The S&P 500 completed a small head-and-shoulders top, implying a 3,750 target, heading to my 3,000 targets. The price found resistance near the moving averages last week and proceeded to fall through them all. The 200-day moving average (DMA) realigned with the medium-term falling channel, and the 100 DMA joined the H&S neckline. The moving average convergence/divergence (MACD), rate of change (ROC), and relative-strength index (RSI) indicators were all bearish.

S&P 500 Weekly Chart
S&P 500 Weekly Chart

Source: Investing.com

The S&P 500 Index fell for a second consecutive week, strengthening the argument for a rising wedge and ending the short-term uptrend, which resynced with the medium-term downtrend.

U.S. Treasury yields are the interest rates the U.S. government pays on its debt. When investors are concerned about economic growth and the potential for a recession, they may seek out the relative safety of government bonds. As demand for bonds increases, those bonds' prices rise, resulting in lower yields. So, when yields fall to three-month lows, it could be an indication that investors are becoming more risk-averse and seeking out safer investments, such as government bonds. This is often seen as a sign that investors are concerned about the economy's health and potential growth prospects.

10-Year U.S. Treasury Yield Weekly Chart
10-Year U.S. Treasury Yield Weekly Chart

Source: Investing.com

10-year Treasury yields have fallen for six of the past eight weeks, possibly forming an H&S top.

The U.S. dollar was little changed for the week, but observant technicians may have noticed that it found support near the previous Aug. 8 low.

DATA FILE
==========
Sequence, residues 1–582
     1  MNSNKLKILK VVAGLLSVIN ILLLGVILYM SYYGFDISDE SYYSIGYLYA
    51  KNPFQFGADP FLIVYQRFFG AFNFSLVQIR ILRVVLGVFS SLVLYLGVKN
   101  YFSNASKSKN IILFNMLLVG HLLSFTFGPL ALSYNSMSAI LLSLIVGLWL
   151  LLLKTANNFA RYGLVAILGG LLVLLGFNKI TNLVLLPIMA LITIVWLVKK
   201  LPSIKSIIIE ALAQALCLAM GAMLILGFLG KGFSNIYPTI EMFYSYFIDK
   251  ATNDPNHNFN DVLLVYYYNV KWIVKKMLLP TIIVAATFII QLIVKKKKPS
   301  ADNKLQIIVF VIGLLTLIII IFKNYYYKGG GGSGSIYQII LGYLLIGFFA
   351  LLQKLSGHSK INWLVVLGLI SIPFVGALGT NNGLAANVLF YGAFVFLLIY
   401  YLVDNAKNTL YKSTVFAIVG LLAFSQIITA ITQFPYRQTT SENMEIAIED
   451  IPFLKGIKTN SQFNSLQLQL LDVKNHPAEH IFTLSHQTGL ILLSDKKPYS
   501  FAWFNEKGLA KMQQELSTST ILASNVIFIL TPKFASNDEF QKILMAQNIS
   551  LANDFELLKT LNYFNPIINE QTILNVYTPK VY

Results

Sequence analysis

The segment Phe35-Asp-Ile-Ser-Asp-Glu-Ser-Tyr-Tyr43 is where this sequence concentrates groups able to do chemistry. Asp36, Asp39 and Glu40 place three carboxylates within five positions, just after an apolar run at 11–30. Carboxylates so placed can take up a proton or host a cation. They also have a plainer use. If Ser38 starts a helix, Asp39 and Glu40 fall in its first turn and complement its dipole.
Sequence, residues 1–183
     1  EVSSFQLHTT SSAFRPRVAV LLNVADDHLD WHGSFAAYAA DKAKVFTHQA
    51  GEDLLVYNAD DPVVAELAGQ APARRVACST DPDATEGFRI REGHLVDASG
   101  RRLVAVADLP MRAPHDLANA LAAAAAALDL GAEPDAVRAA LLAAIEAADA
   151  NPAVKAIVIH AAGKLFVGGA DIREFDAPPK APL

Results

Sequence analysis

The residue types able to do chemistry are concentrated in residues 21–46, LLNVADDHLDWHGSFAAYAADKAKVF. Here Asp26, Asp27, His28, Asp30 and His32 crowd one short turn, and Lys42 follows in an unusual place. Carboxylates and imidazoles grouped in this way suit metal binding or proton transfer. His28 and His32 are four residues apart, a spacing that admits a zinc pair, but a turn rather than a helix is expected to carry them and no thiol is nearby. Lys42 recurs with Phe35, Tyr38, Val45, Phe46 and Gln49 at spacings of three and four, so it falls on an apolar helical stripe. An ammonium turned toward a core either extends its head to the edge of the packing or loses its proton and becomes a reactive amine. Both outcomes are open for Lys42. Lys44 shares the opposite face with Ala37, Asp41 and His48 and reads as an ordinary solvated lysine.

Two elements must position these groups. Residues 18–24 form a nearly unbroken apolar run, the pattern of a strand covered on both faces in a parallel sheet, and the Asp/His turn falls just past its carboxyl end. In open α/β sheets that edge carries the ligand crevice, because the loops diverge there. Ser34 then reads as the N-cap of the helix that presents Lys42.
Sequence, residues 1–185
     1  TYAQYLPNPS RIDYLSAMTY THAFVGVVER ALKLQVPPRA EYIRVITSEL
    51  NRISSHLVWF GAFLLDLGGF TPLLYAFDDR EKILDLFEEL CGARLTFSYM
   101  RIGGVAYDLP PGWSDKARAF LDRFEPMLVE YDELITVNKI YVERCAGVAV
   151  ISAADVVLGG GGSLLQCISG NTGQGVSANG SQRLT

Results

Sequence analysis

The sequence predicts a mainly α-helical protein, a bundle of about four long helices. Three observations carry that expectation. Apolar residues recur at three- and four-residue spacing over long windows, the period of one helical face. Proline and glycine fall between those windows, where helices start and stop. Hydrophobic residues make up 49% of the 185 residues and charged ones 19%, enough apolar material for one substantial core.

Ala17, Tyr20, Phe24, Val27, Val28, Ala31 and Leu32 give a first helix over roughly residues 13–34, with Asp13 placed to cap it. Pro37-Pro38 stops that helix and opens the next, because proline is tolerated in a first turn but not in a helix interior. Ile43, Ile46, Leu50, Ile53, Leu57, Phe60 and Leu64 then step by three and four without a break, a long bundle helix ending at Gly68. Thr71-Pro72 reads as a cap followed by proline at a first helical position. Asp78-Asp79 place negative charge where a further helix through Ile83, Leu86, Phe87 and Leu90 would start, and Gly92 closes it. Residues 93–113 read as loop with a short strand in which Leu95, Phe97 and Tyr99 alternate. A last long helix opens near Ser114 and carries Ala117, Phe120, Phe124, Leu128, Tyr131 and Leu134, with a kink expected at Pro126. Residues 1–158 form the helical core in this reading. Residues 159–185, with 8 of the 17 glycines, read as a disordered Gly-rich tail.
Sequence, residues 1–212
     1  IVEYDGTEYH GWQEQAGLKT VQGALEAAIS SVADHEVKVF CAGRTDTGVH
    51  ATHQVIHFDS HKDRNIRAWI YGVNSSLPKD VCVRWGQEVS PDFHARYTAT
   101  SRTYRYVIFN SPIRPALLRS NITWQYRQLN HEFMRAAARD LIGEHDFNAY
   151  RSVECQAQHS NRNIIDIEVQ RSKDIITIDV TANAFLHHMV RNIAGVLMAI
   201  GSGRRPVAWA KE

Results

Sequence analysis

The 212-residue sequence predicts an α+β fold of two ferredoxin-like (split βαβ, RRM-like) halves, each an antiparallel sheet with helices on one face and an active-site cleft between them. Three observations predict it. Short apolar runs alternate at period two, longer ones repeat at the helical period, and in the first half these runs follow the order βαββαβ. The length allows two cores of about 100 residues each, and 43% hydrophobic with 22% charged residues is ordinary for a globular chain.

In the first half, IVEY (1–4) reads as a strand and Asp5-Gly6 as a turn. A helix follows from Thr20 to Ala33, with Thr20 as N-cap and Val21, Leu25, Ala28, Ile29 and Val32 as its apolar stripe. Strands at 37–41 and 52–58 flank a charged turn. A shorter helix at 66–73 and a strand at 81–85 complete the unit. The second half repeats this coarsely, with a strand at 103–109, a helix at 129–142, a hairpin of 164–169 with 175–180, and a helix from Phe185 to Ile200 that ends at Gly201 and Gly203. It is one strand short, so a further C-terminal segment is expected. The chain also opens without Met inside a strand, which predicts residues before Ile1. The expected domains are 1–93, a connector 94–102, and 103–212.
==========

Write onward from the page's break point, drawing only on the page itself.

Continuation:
U.S. Dollar Index Weekly Chart
U.S. Dollar Index Weekly Chart

Source: Investing.com

The weekly dollar chart formed an imperfect (due to a small upper shadow) hammer following another potentially bullish weekly imperfect inverted hammer (due to a small lower shadow). Is the greenback setting up an H&S top?

Gold prices rose slightly on Friday despite expectations for more interest-rate hikes from the Federal Reserve, which can be seen as negative for gold. Gold is often seen as a safe-haven asset, and it performs poorly when interest rates rise because it does not offer a yield. Higher interest rates can also lead to a stronger U.S. dollar, which can weigh on gold prices. However, on Friday, gold saw a corrective bounce after a strong sell-off following the Fed's interest-rate hike and comments from Fed Chair Jerome Powell indicating that more rate hikes are expected next year. Some analysts expect gold prices to continue to fall back toward $1,750 per ounce until it is clear that the Fed's cycle of rate hikes is over, but others see prices rising to $1,850 by the end of 2023.

Here is my analysis from last Monday

Gold Weekly Chart
Gold Weekly Chart

Source: Investing.com

Gold may be developing an H&S bottom.

Disclosure: At the time of publication, the author had no positions in the securities mentioned.

***

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Week Ahead: Markets Hold Breath for Employment and Fedspeak
 

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Week Ahead: Markets Hold Breath for Employment and Fedspeak